A failed leadership

Olmert cannot go on. His tenure from hereon will be a prime ministership on borrowed time.

olmert 298 ap (photo credit: AP)
olmert 298 ap
(photo credit: AP)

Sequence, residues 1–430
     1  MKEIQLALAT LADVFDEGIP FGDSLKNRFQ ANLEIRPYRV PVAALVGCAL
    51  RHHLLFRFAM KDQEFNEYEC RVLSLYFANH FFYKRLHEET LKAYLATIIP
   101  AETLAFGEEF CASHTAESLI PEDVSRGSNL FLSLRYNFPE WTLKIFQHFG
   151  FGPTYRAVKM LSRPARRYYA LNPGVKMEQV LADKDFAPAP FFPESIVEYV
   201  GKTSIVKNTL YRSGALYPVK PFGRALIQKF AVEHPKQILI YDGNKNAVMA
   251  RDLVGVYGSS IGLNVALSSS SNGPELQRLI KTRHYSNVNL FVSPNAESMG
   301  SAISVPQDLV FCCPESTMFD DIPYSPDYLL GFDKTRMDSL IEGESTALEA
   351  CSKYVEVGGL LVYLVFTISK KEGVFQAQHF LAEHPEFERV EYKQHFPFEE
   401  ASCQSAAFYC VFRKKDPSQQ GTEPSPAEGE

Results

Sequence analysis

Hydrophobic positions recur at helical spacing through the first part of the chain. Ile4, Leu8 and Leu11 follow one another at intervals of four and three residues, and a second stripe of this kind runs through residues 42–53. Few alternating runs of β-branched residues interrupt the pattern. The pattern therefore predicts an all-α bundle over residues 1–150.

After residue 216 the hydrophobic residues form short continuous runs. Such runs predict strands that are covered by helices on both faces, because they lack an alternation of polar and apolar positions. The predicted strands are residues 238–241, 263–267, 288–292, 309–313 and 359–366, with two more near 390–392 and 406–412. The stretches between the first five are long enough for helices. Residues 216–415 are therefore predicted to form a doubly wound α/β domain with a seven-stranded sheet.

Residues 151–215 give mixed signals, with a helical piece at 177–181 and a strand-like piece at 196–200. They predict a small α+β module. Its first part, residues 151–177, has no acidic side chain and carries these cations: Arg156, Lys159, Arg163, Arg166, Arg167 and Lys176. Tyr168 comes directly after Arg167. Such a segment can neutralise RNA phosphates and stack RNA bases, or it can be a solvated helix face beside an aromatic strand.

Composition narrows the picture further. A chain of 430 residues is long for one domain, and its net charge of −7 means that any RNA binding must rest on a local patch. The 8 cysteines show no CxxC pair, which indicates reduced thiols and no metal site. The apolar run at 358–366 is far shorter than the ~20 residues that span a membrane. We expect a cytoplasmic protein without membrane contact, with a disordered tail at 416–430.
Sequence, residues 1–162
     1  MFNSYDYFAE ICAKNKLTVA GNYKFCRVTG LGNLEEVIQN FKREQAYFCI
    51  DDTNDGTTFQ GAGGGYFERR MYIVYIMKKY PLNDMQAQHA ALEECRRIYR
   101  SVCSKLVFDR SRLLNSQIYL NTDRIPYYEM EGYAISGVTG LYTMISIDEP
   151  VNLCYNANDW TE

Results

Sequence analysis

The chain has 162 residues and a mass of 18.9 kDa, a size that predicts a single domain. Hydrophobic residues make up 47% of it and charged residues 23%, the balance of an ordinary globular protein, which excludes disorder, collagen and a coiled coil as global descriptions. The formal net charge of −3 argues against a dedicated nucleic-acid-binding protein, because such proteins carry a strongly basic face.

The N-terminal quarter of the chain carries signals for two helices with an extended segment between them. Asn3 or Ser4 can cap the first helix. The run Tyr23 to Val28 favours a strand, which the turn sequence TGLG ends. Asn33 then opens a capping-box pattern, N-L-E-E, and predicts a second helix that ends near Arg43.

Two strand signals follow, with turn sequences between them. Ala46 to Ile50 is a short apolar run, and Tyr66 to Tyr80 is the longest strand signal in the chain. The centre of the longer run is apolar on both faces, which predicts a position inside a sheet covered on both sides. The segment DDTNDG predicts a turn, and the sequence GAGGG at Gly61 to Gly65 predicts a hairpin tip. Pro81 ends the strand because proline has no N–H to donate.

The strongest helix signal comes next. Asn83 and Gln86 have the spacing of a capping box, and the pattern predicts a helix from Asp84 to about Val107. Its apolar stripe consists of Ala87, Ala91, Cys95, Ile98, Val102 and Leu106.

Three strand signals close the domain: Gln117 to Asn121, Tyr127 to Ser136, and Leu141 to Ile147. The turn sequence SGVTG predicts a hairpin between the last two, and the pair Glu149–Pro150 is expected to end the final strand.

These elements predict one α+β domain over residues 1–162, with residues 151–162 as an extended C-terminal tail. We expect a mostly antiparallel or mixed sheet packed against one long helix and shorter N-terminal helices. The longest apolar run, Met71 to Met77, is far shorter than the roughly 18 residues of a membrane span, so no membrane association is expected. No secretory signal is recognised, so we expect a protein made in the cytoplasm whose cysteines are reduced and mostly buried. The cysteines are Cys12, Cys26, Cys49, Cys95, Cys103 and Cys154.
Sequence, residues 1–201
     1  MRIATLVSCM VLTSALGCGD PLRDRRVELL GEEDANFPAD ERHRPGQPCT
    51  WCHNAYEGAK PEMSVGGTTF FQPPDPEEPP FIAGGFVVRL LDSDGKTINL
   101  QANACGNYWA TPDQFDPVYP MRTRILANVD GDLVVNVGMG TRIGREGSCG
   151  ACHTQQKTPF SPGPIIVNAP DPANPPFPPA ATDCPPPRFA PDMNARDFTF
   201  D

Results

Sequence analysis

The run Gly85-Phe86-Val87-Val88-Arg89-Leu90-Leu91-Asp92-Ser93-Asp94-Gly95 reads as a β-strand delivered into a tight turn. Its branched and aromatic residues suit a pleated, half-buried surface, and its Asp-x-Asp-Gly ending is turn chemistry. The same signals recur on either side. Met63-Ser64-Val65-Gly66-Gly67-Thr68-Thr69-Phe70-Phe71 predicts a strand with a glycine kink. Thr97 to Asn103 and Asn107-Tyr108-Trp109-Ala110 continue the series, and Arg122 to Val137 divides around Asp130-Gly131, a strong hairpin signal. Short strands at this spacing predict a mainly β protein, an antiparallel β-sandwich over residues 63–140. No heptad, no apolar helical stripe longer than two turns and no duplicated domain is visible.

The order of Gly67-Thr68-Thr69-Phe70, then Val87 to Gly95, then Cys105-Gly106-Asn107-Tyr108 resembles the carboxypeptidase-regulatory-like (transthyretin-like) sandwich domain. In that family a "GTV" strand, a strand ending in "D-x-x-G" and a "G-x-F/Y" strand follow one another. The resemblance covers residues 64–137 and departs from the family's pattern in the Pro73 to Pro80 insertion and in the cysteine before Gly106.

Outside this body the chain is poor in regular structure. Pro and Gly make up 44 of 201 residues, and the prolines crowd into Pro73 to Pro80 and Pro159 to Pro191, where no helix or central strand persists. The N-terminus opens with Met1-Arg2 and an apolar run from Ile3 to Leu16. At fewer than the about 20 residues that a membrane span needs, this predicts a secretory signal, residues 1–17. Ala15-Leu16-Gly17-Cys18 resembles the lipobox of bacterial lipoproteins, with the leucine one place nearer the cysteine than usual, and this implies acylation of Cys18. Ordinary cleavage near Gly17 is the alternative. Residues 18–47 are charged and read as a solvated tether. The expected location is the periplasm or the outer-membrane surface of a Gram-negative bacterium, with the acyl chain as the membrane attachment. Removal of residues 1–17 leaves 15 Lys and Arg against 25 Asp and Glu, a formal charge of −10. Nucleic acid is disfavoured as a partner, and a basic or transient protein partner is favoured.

With all due respect to the prime minister, and notwithstanding the personal focus of much of the reporting surrounding today's Winograd Committee interim report, the political career of Ehud Olmert is not the most pressing issue on the national agenda. What is most critical, rather, is that this country be governed by men and women with the ability to protect it and to keep its people safe. Olmert has rightly asserted from many platforms that his decision to launch an immediate military response to the bombardment of northern Israel and the kidnapping within our sovereign borders of two soldiers in July was overwhelmingly supported by his cabinet, opposition politicians and the public. The failure of the subsequent, belatedly named Second Lebanon War to defang the Hizbullah threat and reassert Israel's vital deterrent capability can by no means be laid solely at the then-new prime minister's door, as the Winograd interim report has made clear. A good part of it stems from miscalculations and errors in the years preceding the outbreak of the conflict, and must be ascribed to military officers and politicians who no longer hold central positions of power. One of these most central figures, Lt.-Gen. (res.) Dan Halutz, tendered his resignation weeks ahead of this report. That personal acceptance of responsibility enabled as smooth and efficient a transition of authority in the IDF as could have been hoped for. It has also meant that lessons learned from the war's failures are already being implemented under the new Chief of General Staff, Lt.-Gen. Gabi Ashkenazi. However he might now be presenting it, Defense Minister Amir Peretz has also essentially acknowledged that he was wrong to have accepted his post after last year's election, when he had previously made plain that defense was neither a field of his expertise nor his most passionate interest. The Winograd evaluation of his performance - summarized in the dire assessment that "his serving as minister of defense during the war impaired Israel's ability to respond well to its challenges" - is withering, but somewhat irrelevant since his departure is in any case plainly now a matter of a few weeks, at most. In Olmert's case, the Winograd panel, which in this report focuses only on the years preceding the war and on its first five days, highlights a string of failures: "He made up his mind hastily" and in the absence of systematic consultation. He "is responsible for the fact that the goals of the campaign were not set out clearly and carefully" and "made a personal contribution to the fact that the declared goals were over-ambitious and not feasible." And he did not adapt his plans when it was plain that they were not working. "All of these," in the devastating conclusions of the committee, "add up to a serious failure in exercising judgment, responsibility and prudence." These conclusions have already been drawn by much of the public, as evidenced in the prime minister's low popularity levels. The panel's final report will likely be more devastating yet, charting as it does the full 34 days of conflict, in which thousands of Katyusha rockets rained down unanswered as Israel's military strategy, demonstrably unsuccessful, nonetheless remained unchanged. By noting that it is considering issuing "personal recommendations" in its final report, the committee is intimating that it may well call for Olmert's resignation when that report is submitted in the summer, if he has not gone by then. Having earlier stressed that he took full responsibility for the events last summer, the prime minister is now indicating that he will not resign. This is a mistake, and he must think again. He cannot go on. A conscientious, thorough inquiry has catalogued his failure, and its consequences. His tenure from hereon will be a losing rearguard action, a prime ministership on borrowed time. He has said in interviews, including to this newspaper, that he believes he can yet rebuild the public's trust in him. This is even more unlikely, given the relentless swirl of corruption allegations surrounding him and his government. It is a stance that also hinders the unfolding of a process of reform parallel to that now gathering pace in the IDF - an urgent remaking of the government decision-making process and the institution of more effective procedures to ensure that correct strategies are formulated and followed. Again, what is critical here is that Israel - with Hizbullah and Palestinian extremists a constant threat, and their inspiration, Iran, marching toward nuclear capability - be governed by a leadership of competence. In that context, today's Winograd report casts the current leadership - and that extends to the entire government, which "failed in its political function" - in a dismal light. The parliamentary process can force through the necessary change, and individual politicians must look to the national interest. If they do not do so of their own volition, the public should seek to force their hand. And if the public fails to do so, it has no one to blame but itself.